December 18, 2013
Photo Ops and Staging: Beyond White House Access, the Larger Issue is What We Have Access To
Media representatives and White House officials have started a series of meetings to discuss photographers’ access to the President. But it is unlikely that the bigger issue was on the table – access to what? If media organizations want to give us open journalism that pulls back the curtain on the theatre of politics, they have to use this moment to question the centrality of the photo op in the presentation of politics.
President Obama’s recent trip to the Nelson Mandela memorial service gave us another glimpse into what is at stake in the access issue. These two photos from Pete Souza and Stephen Crowley show both that some independent access is still possible, but that access may not produce radically different images. Souza captures, in his familiar style, the President silhouetted from behind, while Crowley records the crowd looking down into the same tunnel, with the arrangement and colour of the umbrellas on the left suggesting he is positioned only a yard or two in front of Obama.
On the flight to South Africa, with the President accompanied by the Bushes and Hilary Clinton, the access dispute was more evident. CBS News White House Correspondent Mark Knoller tweeted that:
“Press photographers in the Air Force One pool on flights to/from South Africa were given no oppty to photograph Presidents Obama & Bush.”
(Dec. 10, 2013. Attendees look down into a stadium entrance at the state memorial service for former South African President Nelson Mandela in the Soweto township of Johannesburg. Stephen Crowley – New York Times/Redux)
Regardless of their thirst for access, media organizations lapped up the White House provide images of the two presidents together, questioning their ability to support their protest with sanctions.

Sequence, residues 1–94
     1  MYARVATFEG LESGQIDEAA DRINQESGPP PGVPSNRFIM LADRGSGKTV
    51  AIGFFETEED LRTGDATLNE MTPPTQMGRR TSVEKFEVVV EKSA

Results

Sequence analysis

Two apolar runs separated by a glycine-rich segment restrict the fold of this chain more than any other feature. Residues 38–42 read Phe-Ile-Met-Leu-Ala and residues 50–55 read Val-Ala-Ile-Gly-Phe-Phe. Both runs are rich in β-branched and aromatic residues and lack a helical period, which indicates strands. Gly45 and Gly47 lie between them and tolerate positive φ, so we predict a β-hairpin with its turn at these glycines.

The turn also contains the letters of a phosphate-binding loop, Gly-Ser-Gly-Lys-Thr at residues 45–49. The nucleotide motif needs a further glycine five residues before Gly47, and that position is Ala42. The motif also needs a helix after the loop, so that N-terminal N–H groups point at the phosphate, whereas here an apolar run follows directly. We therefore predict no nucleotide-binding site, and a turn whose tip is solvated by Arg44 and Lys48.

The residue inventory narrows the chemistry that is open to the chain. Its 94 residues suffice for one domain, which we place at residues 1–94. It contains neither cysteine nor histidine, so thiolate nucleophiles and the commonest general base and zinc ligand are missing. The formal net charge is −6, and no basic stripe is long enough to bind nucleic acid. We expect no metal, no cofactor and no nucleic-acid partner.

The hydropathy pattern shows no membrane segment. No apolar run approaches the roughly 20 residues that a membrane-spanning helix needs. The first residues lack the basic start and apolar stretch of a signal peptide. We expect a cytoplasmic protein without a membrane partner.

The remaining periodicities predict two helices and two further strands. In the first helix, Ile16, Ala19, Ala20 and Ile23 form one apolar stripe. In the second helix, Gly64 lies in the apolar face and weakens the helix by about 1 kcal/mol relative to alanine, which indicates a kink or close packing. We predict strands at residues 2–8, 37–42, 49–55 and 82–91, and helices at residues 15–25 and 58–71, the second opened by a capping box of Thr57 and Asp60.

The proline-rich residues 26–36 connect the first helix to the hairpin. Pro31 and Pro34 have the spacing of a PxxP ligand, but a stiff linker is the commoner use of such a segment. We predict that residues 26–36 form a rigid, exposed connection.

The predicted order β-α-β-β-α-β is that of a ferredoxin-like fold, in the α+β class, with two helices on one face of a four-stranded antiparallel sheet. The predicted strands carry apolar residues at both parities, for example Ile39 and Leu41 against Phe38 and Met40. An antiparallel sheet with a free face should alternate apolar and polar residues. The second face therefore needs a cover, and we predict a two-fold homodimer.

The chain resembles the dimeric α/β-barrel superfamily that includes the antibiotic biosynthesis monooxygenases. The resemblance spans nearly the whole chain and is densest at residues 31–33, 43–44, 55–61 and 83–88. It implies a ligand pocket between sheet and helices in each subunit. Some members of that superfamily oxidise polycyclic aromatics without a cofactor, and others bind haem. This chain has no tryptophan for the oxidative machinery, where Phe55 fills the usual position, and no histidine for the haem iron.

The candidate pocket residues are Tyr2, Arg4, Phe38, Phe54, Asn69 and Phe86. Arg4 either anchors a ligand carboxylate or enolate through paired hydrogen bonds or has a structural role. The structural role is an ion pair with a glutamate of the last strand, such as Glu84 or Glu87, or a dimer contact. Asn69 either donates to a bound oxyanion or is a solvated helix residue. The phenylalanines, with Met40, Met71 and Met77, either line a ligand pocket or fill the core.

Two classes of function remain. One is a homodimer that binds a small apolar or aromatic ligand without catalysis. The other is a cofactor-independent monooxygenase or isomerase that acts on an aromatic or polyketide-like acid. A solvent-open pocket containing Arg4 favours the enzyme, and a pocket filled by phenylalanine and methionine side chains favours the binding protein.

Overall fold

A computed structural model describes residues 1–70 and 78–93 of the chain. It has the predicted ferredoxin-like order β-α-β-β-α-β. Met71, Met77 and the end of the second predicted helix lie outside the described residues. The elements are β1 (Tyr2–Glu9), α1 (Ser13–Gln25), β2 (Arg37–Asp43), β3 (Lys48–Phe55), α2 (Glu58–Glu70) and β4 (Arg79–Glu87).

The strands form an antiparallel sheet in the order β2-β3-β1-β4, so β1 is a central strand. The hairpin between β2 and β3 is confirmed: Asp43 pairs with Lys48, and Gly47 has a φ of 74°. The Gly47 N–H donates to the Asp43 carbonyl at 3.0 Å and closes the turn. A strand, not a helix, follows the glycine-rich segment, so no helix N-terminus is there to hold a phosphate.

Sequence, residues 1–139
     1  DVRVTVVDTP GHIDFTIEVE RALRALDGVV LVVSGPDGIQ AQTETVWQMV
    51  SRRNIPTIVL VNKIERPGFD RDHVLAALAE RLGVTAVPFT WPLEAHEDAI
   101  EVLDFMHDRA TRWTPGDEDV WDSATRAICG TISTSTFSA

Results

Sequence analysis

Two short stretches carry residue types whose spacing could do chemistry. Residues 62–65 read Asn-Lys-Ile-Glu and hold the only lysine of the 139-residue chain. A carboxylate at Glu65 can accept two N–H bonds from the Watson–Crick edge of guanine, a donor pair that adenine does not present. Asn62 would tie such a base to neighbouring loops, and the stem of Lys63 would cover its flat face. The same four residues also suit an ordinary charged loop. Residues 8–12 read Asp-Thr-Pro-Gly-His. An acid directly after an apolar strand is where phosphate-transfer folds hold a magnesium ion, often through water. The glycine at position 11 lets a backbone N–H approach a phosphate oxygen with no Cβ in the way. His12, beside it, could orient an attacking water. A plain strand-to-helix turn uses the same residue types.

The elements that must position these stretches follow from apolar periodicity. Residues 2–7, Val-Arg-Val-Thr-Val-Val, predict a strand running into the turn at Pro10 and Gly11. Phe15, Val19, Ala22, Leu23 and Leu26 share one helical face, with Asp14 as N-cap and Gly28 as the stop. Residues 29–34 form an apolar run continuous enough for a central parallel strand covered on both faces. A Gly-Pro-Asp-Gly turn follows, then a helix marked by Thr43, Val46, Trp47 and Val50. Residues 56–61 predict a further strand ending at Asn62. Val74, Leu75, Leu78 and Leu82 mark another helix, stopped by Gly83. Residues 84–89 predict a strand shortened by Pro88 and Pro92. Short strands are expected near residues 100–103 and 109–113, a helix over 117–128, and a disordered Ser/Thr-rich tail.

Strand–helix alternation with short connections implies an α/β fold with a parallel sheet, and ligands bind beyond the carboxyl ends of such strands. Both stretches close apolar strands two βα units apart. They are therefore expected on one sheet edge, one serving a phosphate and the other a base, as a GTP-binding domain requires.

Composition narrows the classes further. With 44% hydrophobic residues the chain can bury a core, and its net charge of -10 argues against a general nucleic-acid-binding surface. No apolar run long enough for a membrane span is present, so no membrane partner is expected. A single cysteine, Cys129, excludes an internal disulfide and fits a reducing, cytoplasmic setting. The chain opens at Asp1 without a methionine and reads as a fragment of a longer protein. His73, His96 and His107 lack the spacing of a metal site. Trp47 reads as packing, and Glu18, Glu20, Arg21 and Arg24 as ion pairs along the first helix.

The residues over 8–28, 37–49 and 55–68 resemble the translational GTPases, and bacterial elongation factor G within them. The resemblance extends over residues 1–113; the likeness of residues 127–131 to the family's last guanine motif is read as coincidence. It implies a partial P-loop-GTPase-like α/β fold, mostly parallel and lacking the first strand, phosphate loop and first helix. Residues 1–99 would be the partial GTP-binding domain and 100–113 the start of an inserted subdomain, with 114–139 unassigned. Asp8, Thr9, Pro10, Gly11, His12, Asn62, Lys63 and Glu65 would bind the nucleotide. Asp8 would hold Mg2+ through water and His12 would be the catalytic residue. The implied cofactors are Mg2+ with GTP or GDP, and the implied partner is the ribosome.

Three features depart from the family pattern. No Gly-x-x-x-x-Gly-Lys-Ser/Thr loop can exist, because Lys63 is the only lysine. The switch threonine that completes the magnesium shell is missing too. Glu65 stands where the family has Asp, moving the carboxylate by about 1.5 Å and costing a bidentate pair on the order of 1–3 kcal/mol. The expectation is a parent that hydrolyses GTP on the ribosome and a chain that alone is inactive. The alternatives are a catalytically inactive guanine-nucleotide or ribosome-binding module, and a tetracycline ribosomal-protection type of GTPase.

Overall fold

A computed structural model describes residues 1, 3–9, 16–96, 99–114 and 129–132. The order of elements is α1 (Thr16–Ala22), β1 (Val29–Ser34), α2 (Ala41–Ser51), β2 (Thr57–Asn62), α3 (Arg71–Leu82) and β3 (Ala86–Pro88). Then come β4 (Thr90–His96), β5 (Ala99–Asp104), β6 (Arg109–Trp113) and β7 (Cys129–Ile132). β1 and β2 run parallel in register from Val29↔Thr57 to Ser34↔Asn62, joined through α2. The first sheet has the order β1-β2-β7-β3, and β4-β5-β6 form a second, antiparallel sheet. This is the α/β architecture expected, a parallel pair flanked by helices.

The media’s grievances have been stated strongly, with AP Vice President and Director of Photography Santiago Lyon calling White House provided pictures “visual press releases” that amount to little more than “propaganda.” Given the transformations of the new media economy, no administration now or in the future is going to forgo the opportunity to be its own broadcaster and publisher. Politicians have always wanted to bypass the gatekeepers and get their message direct to the public. The televised address from the Oval Office, or the live radio show in preference to the written journalists interview, are ways in which politicians seek to maximise control of their image. Now the platforms and tools have proliferated, and leaders as dorkish as former Australian Prime Minister Kevin Rudd or evil as Syria’s Assad use Instagram accounts to offer their own visual account.
There is obvious merit to the substance of the media’s protests to the Obama administration. That there should be an “independent view of important functions of the Executive Branch of government” is an unimpeachable principle. But the debate cannot end there.
Access is a necessary but not sufficient condition for that independent view. Access is not a value in itself. Access does not, and historically has not, guaranteed a critical, visual account of politics. Yes, a critical account requires some access to the events and people to be recorded, but the larger question is what will image makers and editors do with that access?